Best Presentation Award at SenseCam 20124th April 2012
Our presentation entitled "DejaView: help with memory, when you need it" was awarded the best presentation prize at the SenseCam 2012 Symposium. The prize was awarded by Steve Hodges from Microsoft Research.
Alex Wood being awarded the Best Presentation prize
Abstract: Promising findings in the use of wearable memory aids such as SenseCam have been widely reported. However, to date, there has been relatively little consideration of the potential for offering memory help in real-time during daily living. Such assistance, in the form of proactive visual prompts comprising the four reported types of cue (people, places, objects, and actions), could help people with memory problems to immediately orientate themselves in a situation -- supplying details of where they are, or who they are with. This paper reports on the three-tier DejaView system, designed to provide such help.
DejaView works across a wearable device, a smartphone, and a remote computer, simultaneously recording a lifelog, finding appropriate cues from past experiences, and feeding relevant information back to the user. The real-time nature of this system required the design of a new wearable device, similar to SenseCam but more customisable and additionally capable of transmitting data over Bluetooth. Fitting this into the three-tier architecture allows for complex processing in the system without limiting the battery lifetime of the portable and wearable parts.
In the currently-implemented example, photos captured by the wearable device are compared against a database of faces stored on the remote computer. The user subsequently receives information about people around them via their smartphone. More generally, the architecture permits a wide range of intelligent methods for selecting useful cues, based on the user's environment, to be integrated into the system, facilitating the provision of real-time help for memory problems.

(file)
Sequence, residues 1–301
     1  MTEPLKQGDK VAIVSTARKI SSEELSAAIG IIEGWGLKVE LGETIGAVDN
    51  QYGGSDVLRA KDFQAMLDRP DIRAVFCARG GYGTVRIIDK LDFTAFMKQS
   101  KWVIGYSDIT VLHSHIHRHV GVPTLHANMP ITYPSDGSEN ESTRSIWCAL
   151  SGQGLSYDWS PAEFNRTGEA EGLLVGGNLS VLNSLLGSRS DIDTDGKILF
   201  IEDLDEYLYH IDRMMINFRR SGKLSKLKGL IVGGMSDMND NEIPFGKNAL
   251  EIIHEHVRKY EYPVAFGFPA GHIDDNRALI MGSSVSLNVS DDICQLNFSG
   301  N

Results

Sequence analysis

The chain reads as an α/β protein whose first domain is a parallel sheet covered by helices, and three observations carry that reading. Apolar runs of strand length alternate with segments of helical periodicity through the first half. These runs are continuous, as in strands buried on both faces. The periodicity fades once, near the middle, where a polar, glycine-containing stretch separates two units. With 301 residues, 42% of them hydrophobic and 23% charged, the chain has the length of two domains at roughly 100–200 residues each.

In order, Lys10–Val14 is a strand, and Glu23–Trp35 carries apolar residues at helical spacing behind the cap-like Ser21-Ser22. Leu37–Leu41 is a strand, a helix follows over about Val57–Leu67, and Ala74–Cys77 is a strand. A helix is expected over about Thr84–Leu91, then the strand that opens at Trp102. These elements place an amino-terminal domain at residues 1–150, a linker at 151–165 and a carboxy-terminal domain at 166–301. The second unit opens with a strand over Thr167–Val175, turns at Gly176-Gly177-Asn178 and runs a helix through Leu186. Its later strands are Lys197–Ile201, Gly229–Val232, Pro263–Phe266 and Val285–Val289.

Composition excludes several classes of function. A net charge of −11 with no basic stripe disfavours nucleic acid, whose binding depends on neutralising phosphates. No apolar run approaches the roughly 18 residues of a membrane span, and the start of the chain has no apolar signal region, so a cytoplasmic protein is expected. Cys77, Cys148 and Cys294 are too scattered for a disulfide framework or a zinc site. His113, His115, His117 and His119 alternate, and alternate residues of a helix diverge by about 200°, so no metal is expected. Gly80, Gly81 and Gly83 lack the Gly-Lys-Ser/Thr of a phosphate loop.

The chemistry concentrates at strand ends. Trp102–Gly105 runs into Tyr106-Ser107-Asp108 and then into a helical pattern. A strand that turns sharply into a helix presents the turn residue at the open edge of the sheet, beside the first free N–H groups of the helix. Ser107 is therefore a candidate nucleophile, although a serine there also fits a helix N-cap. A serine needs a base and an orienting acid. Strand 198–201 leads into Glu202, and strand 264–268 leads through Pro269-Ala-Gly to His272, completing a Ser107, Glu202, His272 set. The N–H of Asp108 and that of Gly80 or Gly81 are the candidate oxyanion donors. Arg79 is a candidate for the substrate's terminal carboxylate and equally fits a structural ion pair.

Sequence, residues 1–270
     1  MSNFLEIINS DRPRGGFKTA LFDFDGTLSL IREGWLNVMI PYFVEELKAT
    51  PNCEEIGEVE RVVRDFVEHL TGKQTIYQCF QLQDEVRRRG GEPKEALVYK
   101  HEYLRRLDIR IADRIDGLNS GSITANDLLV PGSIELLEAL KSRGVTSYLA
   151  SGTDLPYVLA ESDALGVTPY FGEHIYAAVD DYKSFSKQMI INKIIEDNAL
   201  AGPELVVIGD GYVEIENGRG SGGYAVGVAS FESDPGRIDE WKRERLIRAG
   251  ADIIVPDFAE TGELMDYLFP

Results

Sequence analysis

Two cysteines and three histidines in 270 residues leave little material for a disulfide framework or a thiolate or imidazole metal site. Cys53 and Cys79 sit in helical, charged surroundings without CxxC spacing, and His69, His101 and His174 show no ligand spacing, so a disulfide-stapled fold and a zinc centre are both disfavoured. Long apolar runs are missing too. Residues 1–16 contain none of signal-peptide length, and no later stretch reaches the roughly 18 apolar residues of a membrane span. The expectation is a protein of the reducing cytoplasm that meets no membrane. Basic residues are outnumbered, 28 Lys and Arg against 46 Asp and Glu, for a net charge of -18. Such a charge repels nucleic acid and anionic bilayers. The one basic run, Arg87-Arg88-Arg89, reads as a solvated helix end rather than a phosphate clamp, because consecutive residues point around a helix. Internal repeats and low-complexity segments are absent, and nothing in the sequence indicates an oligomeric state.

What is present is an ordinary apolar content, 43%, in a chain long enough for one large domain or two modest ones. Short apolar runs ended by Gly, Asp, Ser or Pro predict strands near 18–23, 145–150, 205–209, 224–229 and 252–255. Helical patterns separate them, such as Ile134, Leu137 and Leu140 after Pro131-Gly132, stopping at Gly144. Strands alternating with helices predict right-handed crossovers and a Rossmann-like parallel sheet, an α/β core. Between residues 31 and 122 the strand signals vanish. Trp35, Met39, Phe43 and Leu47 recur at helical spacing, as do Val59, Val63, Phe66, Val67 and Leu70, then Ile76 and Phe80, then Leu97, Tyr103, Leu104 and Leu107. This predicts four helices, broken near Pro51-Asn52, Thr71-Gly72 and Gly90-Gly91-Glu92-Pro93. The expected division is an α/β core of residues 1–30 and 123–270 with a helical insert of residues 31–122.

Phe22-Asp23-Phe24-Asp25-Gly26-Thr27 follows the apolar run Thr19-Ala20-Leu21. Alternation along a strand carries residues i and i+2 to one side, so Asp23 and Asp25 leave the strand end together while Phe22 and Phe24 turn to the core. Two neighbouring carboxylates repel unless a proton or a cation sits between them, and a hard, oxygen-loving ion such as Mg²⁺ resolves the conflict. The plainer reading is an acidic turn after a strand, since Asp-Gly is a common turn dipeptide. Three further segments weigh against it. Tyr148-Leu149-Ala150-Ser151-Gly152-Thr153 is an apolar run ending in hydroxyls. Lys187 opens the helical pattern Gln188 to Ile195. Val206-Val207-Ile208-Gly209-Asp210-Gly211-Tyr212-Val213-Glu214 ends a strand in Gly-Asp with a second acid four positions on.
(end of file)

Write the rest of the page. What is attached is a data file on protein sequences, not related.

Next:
For more information, click here.
Energy Harvesting Network's Data Repository Launched13th February 2012
The Energy Harvesting Network, coordinated by myself and Prof Steve Beeby at the University of Southampton, have launched the Network's 'Data Repository' - an online catalogue for researchers worldwide to share data on ambient energy availability - for example acceleration levels, solar irradience, or wind speeds. It is hoped that, by using a common dataset, this will encourage the comparitive evaluation of energy harvesters and fuel advances in the field.
Natuarlly, the repository will only ... [more]
Davide Wins Faculty 3-Minute-Thesis Competition4th March 2015
Congratulations go to Davide Zilli, who won first-place at the Faculty round of the Three Minute Thesis (3MT) competition. He competed against 9 other excellent candidates. He now goes forward to the University-round of the competition in early-May.
His talk, titled 'Monitoring endangered wildlife with Smartphones,' was on the topic of his PhD research, investigating the use of bioacoustics for smartphone-powered citizen science. In particular, the New Forest Cicada is the only cicada native ... [more]